On 6 April 2017, the new residence nil rate band allowance (RNRB) will come into effect. Are you ready and have you reviewed your Will in light of this?
Here we’ll explain whether you could be affected by the new rules and what you need to do.
What is Inheritance Tax?
Inheritance tax on death is a tax charged on the value of a deceased person’s assets and the value of any gifts which they have made in the 7 years before they died (their estate). Currently if the value of the estate exceeds the threshold of £325,000, then inheritance tax is charged at a rate of 40% on everything in excess of this threshold. No inheritance tax is paid if the estate passes in its entirety to a spouse/civil partner or registered charities and there are also valuable reliefs available to those owning businesses and farms.
What are the changes?
From 6th April 2017 the RNRB is available where a deceased person owns a home (or a share of one) which is included in their estate. The RNRB is added to the standard nil rate band to increase the overall tax free allowance and thereby reduce the inheritance tax which otherwise would be payable. The RNRB allowance will start at £100,000 for the 2017/18 tax year and will rise by £25,000 each year to £175,000 until 2020/21. Thereafter it will rise in line with the Consumer Prices index.
Current rules on the transfer of nil rate bands between spouses will continue, so unused RNRB will also be available to transfer to a spouse, for example where the first spouse has passed everything to their surviving spouse on their death. Therefore, if one spouse/civil partner dies leaving everything to their spouse/civil partner who then passes away in August 2020, the total nil rate band available on the second party’s death would amount to £1 million.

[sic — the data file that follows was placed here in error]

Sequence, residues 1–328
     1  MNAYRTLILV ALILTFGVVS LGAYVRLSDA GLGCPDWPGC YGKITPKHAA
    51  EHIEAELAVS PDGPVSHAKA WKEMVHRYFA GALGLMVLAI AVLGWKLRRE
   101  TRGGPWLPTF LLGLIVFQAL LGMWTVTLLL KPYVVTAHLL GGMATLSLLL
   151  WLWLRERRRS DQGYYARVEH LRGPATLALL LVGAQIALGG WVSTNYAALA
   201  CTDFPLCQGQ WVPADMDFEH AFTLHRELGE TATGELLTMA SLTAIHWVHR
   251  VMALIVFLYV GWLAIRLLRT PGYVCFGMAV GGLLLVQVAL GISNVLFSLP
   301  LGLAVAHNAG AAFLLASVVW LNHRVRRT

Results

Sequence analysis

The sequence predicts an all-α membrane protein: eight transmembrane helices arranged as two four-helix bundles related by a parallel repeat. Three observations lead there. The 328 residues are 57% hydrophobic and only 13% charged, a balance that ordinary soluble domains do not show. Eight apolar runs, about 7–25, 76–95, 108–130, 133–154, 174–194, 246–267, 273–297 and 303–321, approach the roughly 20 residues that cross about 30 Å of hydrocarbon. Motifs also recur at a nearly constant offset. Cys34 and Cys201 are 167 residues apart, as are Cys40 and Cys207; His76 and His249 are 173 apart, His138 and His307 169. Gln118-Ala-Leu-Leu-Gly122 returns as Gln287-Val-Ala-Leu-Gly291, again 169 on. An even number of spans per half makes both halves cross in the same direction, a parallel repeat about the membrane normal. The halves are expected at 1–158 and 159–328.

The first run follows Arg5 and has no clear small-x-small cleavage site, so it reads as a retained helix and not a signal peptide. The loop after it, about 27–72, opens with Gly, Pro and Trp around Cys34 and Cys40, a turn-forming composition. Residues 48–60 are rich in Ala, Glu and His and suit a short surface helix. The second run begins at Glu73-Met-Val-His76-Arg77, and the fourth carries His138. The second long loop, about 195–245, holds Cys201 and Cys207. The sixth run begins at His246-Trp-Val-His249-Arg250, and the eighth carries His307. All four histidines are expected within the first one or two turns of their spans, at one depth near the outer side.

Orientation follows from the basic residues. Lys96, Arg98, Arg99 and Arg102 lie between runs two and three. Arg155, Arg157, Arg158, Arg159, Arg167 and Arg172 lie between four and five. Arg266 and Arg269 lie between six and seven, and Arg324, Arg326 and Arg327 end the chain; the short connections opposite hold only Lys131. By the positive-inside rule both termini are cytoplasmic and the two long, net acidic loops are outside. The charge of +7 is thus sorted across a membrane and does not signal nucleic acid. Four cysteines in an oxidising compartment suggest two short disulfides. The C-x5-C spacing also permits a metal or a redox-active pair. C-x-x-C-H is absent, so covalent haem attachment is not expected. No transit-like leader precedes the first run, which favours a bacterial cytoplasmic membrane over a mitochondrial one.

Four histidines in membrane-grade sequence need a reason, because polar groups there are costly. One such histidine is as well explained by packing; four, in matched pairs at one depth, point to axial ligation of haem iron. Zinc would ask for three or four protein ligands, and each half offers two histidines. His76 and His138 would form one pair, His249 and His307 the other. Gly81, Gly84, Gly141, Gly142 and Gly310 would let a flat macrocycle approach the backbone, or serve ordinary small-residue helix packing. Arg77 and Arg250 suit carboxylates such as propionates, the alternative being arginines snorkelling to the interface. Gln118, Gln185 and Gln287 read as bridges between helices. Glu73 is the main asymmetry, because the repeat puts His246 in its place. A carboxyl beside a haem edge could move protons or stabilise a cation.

Who will be affected?
First of all, if your estate is less than £325,000, this change will not affect you. Furthermore if your estate exceeds £2 million then further rules apply to reduce the relief available.
Put simply, the inheritance tax change will mainly affect those who are married with children or other direct descendants, own their home and have assets above the nil rate band allowance which, at present, is £325,000.
What to do now
The first thing you need to do is review the value of your current estate. The rules on the RNRB are not straightforward and we would recommend that you review your will and your circumstances generally to ensure that you are maximising the available reliefs.
We have a dedicated team here at Farleys who can provide advice and guidance on the new rules in order to ensure that you won’t leave any unforeseen inheritance tax surprises for your loved ones. Speak to one of our experienced solicitors today on 0845 287 0939 or submit your enquiry online.
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